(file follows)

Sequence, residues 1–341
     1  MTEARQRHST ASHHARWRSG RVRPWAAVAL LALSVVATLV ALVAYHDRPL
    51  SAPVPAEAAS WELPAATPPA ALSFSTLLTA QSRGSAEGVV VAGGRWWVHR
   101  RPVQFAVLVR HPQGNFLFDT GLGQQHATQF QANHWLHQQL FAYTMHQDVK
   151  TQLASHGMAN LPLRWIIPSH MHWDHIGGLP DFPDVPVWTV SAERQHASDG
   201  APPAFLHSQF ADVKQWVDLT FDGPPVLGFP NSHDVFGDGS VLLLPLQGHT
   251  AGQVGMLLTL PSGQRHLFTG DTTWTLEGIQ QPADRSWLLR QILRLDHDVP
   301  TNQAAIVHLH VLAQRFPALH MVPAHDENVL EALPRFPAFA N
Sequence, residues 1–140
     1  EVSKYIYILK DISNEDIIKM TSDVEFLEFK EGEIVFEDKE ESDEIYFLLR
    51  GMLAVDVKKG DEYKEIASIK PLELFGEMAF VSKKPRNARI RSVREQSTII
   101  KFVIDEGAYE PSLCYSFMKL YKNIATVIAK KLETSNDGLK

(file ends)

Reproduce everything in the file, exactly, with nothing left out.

Sequence, residues 1–341
     1  MTEARQRHST ASHHARWRSG RVRPWAAVAL LALSVVATLV ALVAYHDRPL
    51  SAPVPAEAAS WELPAATPPA ALSFSTLLTA QSRGSAEGVV VAGGRWWVHR
   101  RPVQFAVLVR HPQGNFLFDT GLGQQHATQF QANHWLHQQL FAYTMHQDVK
   151  TQLASHGMAN LPLRWIIPSH MHWDHIGGLP DFPDVPVWTV SAERQHASDG
   201  APPAFLHSQF ADVKQWVDLT FDGPPVLGFP NSHDVFGDGS VLLLPLQGHT
   251  AGQVGMLLTL PSGQRHLFTG DTTWTLEGIQ QPADRSWLLR QILRLDHDVP
   301  TNQAAIVHLH VLAQRFPALH MVPAHDENVL EALPRFPAFA N
Sequence, residues 1–140
     1  EVSKYIYILK DISNEDIIKM TSDVEFLEFK EGEIVFEDKE ESDEIYFLLR
    51  GMLAVDVKKG DEYKEIASIK PLELFGEMAF VSKKPRNARI RSVREQSTII
   101  KFVIDEGAYE PSLCYSFMKL YKNIATVIAK KLETSNDGLK